Exercise & Fitness
Walking advice from a master walker
A champion master-level racewalker shares tips on how to step up your walking routine.
- Reviewed by Howard E. LeWine, MD, Chief Medical Editor, Harvard Health Publishing
Dr. Alan Poisner, 88, was a latecomer to the world of competitive walking. He took up racewalking at age 50, and over the past 38 years has become one of the country's most decorated master-level walkers. He has won five gold medals representing the United States in international competitions and has competed in 14 National Senior Games, where he holds several records. A medical researcher, Dr. Poisner also has a long career exploring the physiology of walking, especially among older adults.
It's safe to say, Dr. Poisner walks the walk. So, we asked him to share his advice and wisdom about walking for health and fitness — from beginning a routine, to staying motivated, to elevating your workouts. Here are his suggestions.
Choose a time. Like other new health habits, it's best to set aside a specific time and day(s) of the week to walk for fun or fitness. "Some prefer mornings to free up later hours, but I enjoy the afternoon, when my body has been warmed up by usual routine activities. Whatever you choose, you do not need to be obsessive. Make it part of your daily activity. You'll be surprised how much you miss walking if you have to skip a regular session."
Vary your settings. Dr. Poisner likes different locations depending on his workout goal. "For pleasure walks, I enjoy non-urban trail-like settings to experience new areas. For structured workouts, I often use a treadmill or an indoor or outdoor track that helps me better measure distance and pace."
Shake it up. Walks measured by time (20 to 30 minutes) or distance (1 to 2 miles) are ideal for most beginners, but you can eventually add structured workouts. Two of Dr. Poisner's favorite workouts are intervals and ladders.
For intervals, you first walk at a comfortable pace. Then, for a short period (for example, 30 seconds to two minutes) walk at a faster pace, where your breathing is a bit labored but you can still talk. Then slow to a comfortable pace to let your heart rate recover. Repeat the pattern of fast pace and recovery for 10 to 15 minutes.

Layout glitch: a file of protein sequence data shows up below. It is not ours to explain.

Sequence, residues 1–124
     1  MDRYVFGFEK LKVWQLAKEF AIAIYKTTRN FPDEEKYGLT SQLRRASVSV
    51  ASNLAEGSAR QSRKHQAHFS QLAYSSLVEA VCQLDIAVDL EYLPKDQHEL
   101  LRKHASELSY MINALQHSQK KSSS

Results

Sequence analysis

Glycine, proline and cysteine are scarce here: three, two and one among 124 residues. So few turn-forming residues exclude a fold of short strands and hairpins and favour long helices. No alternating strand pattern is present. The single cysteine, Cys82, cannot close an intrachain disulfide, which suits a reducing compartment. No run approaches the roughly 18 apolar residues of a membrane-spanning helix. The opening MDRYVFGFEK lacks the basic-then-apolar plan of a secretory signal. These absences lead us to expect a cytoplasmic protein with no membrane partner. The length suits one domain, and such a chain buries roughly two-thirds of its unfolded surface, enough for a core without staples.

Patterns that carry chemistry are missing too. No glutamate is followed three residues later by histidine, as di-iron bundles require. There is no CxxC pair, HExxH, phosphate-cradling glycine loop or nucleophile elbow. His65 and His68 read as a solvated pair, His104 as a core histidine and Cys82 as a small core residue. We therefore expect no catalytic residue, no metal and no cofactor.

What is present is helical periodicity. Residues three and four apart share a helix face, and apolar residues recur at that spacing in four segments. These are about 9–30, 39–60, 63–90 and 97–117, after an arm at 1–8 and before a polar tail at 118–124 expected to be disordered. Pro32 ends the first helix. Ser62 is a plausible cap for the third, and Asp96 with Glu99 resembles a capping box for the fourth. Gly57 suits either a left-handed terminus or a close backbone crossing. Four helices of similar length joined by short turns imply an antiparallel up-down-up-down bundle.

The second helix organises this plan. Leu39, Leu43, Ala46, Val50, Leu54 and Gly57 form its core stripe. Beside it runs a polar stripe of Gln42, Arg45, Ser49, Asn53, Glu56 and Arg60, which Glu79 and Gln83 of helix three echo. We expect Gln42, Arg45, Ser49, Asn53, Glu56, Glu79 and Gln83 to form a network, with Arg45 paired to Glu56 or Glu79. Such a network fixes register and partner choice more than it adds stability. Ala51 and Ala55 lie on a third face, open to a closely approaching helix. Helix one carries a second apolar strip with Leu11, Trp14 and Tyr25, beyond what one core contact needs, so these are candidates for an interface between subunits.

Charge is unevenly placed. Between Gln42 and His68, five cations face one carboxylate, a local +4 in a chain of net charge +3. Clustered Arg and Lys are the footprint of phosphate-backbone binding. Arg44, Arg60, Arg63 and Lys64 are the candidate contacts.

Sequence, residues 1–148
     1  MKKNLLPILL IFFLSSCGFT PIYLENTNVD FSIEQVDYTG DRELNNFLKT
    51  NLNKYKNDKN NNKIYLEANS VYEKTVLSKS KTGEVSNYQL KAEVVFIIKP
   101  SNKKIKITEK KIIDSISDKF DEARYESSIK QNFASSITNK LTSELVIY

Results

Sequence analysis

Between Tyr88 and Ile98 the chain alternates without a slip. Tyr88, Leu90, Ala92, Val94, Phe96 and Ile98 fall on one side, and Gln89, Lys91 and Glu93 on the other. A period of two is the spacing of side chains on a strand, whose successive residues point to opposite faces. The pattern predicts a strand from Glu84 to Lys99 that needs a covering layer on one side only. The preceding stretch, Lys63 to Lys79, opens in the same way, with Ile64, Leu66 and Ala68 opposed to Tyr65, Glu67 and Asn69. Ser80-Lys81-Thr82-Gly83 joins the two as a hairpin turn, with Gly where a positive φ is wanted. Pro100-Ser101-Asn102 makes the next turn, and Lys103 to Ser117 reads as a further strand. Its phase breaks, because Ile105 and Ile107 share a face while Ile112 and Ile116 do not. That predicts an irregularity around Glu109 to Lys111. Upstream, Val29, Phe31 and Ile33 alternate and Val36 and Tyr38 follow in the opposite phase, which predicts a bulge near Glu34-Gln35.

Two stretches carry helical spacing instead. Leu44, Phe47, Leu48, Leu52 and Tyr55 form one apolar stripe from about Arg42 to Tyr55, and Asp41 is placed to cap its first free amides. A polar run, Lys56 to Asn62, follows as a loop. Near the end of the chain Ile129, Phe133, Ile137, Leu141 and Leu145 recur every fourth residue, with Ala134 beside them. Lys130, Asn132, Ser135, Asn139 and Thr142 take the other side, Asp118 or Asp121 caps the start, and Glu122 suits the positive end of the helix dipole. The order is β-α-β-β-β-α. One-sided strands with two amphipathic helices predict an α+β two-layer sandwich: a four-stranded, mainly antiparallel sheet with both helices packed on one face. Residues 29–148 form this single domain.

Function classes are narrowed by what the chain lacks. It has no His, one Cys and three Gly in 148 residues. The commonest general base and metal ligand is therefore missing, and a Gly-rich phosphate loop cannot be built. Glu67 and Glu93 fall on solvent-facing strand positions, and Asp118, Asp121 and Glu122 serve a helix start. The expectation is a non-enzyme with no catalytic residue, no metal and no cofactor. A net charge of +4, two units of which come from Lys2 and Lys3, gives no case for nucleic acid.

For ladders, you begin walking at an easily maintained pace for a few minutes. Then, gradually increase the pace every one to two minutes until you reach a pace that is difficult to maintain. You then gradually slow the pace back to your starting speed. "This is most easily done on a treadmill, but it can also be done outside by monitoring your pace with a fitness watch or your breathing." (You can find more sample workouts for all levels at www.racewalking.org and www.racewalk.com.)
Hydrate. Approach walking as any other cardio activity, and take in enough fluid. "I hydrate before and after walking. If the walk is an hour or more, I carry a water bottle and drink regularly."
Take it slow. When beginning a walking program, don't be in a rush to increase speed or distance, which can lead to injury. "Focus on weekly, incremental increases in duration and intensity."
Join a group. There is often strength in numbers. "Walk on your own, but try to enlist some companions or join a local walking club to make it easier to maintain the discipline of daily walking."
Sign up for a race. "I entered many road races with no competitive walking division over the years. I did it just for the camaraderie, the chance to exercise, and often to support a charitable cause." To begin, look for races offering 5K (3.1 miles) or 1-mile "fun run" categories.
Get swinging. Walking can be a full-body workout if you engage your arms while you walk. "I focus on swinging my arms in a natural form so that the motion and location of my arms is the most efficient."
Have fun. "I tell new walkers that there are two rules: don't hurt yourself, and have fun. If walkers follow these rules, they will enjoy this activity for many years."
Image: © Nastasic/Getty Images
About the Author
Matthew Solan, Executive Editor, Harvard Men's Health Watch
About the Reviewer
Howard E. LeWine, MD, Chief Medical Editor, Harvard Health Publishing
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